8 Magicians Who Died During a Performance

Magic offers a twofold thrill: 1) the how-did-they-do-it nature of tricks and illusions; 2) the often serious danger magicians seem to place themselves in. While you may assume much of this danger is for show, there's a sordid history of magic acts that killed the magician. These magicians who died during tricks aimed to awe and delight audiences but learned the hard way what happens when illusions go wrong. If nothing else, this list proves magic is a dangerous profession requiring extensive knowledge.

Magicians who died performing span generations and come from many countries and cultures, giving a reminder of the public fascination with the medium. Surely that fascination stems, in part, from a general lack of understanding of how tricks and illusions work. Magician stage deaths surely only increase mass interest in the craft because they highlight how much danger these entertainers put themselves in, and play to the religious and occult underpinnings of magic's ancient origins. 

  • William Ellsworth Robinson Shot Himself During His Famous Catching A Bullet Trick
    Photo: The Cosmopolitan Magazine Company / Wikimedia Commons / Public Domain

    Chung Ling Soo was the stage name of American magician William Ellsworth Robinson. Robinson performed in yellow face, trading on racist notions of Eastern mysticism and ancient Asian magic and was most famous for his bullet catching trick, which he called "Condemned to Death By the Boxers" so it had a nice Chinese ring to it. Robinson performed his trick using a gun with two barrels - one took the real bullet he showed the audience for effect, the other held a blank.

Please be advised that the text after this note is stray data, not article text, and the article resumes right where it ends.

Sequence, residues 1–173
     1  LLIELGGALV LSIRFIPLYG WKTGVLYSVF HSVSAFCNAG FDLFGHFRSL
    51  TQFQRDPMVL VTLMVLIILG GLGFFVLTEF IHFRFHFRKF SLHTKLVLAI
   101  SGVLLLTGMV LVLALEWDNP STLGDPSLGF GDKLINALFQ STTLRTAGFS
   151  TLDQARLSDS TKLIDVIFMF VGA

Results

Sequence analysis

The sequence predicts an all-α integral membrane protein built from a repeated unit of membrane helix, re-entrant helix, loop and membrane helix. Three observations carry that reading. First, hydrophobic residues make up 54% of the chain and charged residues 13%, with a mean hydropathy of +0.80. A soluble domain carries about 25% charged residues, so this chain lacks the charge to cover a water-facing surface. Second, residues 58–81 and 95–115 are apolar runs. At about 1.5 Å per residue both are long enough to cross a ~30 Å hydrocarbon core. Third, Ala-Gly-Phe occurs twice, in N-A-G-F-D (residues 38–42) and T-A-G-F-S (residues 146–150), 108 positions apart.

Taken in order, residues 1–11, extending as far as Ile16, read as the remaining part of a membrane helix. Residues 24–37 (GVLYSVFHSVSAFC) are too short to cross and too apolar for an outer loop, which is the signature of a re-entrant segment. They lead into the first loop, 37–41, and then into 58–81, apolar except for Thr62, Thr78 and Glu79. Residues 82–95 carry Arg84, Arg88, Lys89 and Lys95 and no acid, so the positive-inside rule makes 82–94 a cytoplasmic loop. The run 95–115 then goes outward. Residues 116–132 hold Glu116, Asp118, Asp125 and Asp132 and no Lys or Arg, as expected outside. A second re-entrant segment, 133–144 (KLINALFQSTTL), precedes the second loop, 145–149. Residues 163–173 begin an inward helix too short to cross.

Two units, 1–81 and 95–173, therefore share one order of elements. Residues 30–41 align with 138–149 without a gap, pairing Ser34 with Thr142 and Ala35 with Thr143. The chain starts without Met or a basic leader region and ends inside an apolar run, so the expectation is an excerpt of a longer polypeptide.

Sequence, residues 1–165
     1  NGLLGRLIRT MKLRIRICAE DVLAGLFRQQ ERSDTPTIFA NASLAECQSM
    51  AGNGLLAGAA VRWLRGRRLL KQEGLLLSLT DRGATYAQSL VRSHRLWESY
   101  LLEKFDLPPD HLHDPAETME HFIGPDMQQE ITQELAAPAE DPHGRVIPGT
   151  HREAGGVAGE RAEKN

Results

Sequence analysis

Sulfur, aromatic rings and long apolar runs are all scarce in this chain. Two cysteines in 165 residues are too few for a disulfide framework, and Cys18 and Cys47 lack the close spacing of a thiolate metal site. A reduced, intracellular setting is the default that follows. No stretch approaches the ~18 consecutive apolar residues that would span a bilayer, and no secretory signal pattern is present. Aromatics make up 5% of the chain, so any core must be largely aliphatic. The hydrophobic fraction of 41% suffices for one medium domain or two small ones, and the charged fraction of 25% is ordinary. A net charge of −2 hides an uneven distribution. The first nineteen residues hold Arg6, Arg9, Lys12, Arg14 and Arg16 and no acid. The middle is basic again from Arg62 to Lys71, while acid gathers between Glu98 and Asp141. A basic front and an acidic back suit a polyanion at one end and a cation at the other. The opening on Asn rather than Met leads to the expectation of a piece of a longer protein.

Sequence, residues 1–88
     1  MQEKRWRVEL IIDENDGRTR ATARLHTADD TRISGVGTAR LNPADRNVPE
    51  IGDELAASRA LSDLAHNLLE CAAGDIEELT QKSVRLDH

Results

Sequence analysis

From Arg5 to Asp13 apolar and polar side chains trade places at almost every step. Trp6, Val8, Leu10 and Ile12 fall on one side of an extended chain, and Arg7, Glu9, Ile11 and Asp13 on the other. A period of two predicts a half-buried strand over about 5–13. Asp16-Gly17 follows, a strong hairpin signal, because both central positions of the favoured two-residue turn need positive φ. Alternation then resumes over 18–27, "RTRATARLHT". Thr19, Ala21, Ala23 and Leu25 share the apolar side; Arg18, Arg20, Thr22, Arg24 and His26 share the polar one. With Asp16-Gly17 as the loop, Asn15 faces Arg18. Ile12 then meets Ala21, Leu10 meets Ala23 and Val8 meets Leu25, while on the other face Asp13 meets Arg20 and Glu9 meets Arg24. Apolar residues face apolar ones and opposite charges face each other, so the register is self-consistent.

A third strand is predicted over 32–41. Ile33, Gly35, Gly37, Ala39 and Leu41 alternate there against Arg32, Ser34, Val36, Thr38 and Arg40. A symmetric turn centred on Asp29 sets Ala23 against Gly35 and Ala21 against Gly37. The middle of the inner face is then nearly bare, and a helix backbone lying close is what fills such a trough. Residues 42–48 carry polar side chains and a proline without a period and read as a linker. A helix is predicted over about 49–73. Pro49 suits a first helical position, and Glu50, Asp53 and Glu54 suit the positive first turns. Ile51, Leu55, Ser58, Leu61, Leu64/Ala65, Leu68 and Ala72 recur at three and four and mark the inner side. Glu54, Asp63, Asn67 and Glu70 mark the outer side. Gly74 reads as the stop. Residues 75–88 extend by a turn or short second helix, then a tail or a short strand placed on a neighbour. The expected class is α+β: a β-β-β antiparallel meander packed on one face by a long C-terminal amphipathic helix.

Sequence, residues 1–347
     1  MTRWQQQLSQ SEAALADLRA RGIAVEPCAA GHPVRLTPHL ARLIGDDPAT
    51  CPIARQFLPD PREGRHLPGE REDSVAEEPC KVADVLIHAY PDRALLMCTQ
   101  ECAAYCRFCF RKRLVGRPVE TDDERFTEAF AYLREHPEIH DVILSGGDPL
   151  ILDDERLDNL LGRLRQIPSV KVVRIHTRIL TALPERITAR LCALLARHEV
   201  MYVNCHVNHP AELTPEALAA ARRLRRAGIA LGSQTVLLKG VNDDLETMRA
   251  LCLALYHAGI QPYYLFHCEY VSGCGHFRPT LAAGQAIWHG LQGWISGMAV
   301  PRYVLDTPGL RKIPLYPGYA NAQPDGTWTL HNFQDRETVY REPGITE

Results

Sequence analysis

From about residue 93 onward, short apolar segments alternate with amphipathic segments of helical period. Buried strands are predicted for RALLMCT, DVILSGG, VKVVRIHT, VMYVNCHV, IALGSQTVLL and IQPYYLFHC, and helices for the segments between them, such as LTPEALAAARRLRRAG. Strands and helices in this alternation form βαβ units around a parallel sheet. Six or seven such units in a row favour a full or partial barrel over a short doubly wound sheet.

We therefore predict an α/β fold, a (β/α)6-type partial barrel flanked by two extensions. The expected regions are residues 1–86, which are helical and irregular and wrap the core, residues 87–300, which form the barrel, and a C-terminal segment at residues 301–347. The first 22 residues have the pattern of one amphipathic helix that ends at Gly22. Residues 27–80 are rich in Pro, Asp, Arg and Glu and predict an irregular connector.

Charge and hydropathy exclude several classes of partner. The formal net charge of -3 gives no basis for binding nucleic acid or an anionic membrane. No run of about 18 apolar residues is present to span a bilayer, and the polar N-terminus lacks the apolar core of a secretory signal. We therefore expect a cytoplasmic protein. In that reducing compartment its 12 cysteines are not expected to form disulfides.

On March 23, 1918, during a routine performance, Robinson shot himself for real, and by accident, because he had been lazy. The thing with guns is, you have to clean them if you want them to work properly. Robison supposedly never cleaned his trick gun, and gunpowder built up in the chamber. The day the magician died, the blank lit accumulated powder, which exploded and fired the real bullet in the second chamber. 

    The bullet pierced Robinson's lung, and for the first time in his professional career, he spoke in English on stage: "Oh my God. Something's happened. Lower the curtain!"

  • Karr the Magician Was Ripped Apart By A Speeding Car

    Professionally known as "Karr the Magician," South African escape artist Charles Rowan lost his life during a daredevil escape attempt in 1930. A largely forgotten figure in the annals of magic history, Rowan left behind little in terms of personal biography.

    However, a Reuters report of his death survives:

    A ghastly death befell a traveling magician named Karr here this afternoon, when his oft-repeated stunt of allowing himself to be strapped in a straightjacket and charged by a motorcar failed... a large crowd, including numerous small children... saw a car dash into Karr and kill him... he was struck by the right wheel, which almost severed one of his legs.

    Karr. Car. Maybe it was fate?

  • Black Herman Created Such An Aura of Invincible Mysticism No One Believed He Died

    Black Herman Created Such An  Aura of Invincible Mysticism No One Believed He Died
    Photo: Black Herman / Wikimedia Commons / Public Domain

    Black Herman, AKA Benjamin Rucker, died of natural causes on stage. Herman was a political radical influenced by Marcus Garvey and similar thinkers of the time, in whose milieu he lived after moving from his native Virginia to New York City. During his show, he played up his African heritage, building a strong sense of African American identity that mixed superstitious beliefs, spiritualism, and anti-racist lessons. He performed to mixed-race audiences in the North but was relegated to playing Black-only venues in the South.  

    Black Herman was most known for being buried alive, a trick that could last as long as a week (he wasn't actually buried, it just appeared as though he had been).